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    Author(s): Kathleen M. Smits; Elizabeth Kirby; William J. MassmanScott Baggett
    Date: 2016
    Source: Pedosphere. 26(4): 462-473.
    Publication Series: Scientific Journal (JRNL)
    Station: Rocky Mountain Research Station
    PDF: Download Publication  (474.0 KB)


    An understanding of soil thermal conductivity after a wildfire or controlled burn is important to land management and post-fire recovery efforts. Although soil thermal conductivity has been well studied for non-fire heated soils, comprehensive data that evaluate the long-term effect of extreme heating from a fire on the soil thermal conductivity are limited. The purpose of this study was to evaluate the long-term impact of fire on the effective thermal conductivity of soils by directly comparing fire-heated and no-fire control soils through a series of laboratory studies. The thermal conductivity was measured for ten soil samples from two sites within the Manitou Experimental Forest, Colorado, USA, for a range of water contents from saturation to the residual degree of saturation. The thermal conductivity measured was compared with independent estimates made using three empirical models from literature, including the Campbell et al. (1994), Cote and Konrad (2005), and Massman et al. (2008) models. Results demonstrate that for the test soils studied, the thermal conductivity of the fire-heated soils was slightly lower than that of the control soils for all observed water contents. Modeling results show that the Campbell et al. (1994) model gave the best agreement over the full range of water contents when proper fitting parameters were employed. Further studies are needed to evaluate the significance of including the influence of fire burn on the thermal properties of soils in modeling studies.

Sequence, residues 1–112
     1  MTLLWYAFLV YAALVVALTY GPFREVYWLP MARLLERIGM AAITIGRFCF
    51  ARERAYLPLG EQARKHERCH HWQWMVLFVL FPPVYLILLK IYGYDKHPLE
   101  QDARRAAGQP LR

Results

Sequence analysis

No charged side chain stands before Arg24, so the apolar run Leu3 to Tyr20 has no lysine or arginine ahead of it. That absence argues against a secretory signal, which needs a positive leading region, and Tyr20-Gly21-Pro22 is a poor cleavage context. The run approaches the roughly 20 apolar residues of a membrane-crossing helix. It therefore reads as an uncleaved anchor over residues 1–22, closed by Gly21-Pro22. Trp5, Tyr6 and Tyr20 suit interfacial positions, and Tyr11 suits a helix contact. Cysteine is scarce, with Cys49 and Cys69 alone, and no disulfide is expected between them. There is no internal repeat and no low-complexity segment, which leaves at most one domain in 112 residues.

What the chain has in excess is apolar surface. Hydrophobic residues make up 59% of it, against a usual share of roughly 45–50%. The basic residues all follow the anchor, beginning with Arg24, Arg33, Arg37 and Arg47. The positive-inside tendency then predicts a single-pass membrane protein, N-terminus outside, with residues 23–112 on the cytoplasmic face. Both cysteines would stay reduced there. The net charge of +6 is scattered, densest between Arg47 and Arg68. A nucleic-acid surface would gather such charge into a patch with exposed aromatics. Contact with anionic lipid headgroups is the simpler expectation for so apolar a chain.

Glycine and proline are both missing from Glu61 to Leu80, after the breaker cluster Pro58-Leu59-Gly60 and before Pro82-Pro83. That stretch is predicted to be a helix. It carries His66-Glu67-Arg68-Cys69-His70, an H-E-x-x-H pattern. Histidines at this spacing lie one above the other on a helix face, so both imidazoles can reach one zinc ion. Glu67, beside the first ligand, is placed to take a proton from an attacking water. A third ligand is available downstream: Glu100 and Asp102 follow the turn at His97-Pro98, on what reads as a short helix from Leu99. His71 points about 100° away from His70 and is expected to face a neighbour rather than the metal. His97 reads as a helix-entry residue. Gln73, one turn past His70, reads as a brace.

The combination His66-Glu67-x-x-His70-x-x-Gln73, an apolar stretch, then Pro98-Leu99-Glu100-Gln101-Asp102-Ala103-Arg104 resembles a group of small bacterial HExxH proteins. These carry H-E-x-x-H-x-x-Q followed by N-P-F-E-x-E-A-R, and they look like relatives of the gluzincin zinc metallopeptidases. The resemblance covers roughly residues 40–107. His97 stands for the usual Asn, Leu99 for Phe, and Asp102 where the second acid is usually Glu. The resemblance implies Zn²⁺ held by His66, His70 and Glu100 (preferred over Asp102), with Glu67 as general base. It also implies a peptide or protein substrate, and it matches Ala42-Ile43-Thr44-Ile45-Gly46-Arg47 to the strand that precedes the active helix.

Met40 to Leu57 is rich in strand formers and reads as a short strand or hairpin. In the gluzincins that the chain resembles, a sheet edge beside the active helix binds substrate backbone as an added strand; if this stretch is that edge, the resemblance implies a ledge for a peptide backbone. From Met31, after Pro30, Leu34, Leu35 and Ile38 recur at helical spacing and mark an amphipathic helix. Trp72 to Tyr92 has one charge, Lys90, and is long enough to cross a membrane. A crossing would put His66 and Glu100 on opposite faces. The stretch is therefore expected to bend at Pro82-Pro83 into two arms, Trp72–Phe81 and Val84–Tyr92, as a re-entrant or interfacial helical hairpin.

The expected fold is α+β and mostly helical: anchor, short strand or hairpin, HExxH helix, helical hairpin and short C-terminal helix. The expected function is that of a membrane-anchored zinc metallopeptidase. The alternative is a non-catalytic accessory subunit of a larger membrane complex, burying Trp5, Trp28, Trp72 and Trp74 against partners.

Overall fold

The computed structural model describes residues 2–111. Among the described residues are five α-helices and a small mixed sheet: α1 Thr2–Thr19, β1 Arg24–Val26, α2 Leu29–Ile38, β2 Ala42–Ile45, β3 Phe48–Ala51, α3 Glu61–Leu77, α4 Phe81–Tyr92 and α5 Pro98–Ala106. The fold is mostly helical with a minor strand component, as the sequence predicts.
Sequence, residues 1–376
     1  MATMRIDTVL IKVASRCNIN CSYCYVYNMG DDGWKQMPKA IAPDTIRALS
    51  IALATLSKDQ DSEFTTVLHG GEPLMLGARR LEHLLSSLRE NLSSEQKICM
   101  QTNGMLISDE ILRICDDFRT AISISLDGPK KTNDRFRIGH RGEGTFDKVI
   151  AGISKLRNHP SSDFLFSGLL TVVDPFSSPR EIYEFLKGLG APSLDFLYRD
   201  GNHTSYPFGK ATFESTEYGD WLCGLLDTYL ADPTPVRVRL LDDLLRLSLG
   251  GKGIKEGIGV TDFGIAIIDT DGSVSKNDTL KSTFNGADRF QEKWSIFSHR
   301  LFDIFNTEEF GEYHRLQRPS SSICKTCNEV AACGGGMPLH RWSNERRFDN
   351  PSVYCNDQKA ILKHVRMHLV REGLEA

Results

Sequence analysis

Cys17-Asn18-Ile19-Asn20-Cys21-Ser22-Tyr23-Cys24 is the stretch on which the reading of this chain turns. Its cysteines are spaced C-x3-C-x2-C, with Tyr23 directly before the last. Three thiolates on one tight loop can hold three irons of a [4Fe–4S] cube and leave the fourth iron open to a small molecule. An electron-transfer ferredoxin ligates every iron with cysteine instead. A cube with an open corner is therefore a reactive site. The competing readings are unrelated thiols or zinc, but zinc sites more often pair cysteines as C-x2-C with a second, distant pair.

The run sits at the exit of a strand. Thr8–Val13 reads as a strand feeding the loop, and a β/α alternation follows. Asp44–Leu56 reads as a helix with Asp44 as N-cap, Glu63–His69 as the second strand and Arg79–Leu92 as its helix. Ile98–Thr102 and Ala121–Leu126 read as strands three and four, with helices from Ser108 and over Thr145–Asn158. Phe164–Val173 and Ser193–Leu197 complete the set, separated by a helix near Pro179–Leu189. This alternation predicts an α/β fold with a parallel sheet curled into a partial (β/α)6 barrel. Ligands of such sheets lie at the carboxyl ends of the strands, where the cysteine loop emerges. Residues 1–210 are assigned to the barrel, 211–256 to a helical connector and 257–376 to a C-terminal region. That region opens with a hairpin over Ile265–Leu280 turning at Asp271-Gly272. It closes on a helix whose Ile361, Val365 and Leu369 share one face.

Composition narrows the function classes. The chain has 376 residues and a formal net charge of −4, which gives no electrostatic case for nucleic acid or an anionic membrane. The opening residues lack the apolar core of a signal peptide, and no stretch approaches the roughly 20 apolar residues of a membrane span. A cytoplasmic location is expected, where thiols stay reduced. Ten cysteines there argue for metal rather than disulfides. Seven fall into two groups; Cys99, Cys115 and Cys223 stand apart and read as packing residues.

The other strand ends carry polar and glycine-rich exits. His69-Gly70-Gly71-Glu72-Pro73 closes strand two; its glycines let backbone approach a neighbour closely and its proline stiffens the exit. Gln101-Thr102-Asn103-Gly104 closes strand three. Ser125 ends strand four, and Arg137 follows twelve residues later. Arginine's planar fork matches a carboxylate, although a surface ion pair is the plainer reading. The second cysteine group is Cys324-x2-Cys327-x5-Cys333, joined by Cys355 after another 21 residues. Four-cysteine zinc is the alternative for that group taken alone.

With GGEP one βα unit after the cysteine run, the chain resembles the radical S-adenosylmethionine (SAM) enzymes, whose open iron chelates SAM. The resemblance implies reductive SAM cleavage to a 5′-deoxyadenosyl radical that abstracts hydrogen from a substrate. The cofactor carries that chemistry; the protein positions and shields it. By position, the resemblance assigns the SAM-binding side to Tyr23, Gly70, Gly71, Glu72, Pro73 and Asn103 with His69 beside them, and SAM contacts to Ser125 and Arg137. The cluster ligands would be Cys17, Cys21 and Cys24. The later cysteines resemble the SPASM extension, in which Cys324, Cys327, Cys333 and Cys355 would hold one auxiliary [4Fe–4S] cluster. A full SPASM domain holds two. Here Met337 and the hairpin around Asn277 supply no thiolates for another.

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    Smits, Kathleen M.; Kirby, Elizabeth; Massman, William J.; Baggett, Larry Scott. 2016. Experimental and modeling study of forest fire effect on soil thermal conductivity. Pedosphere. 26(4): 462-473


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    controlled burn, degree of saturation, empirical model, water content, wildfire

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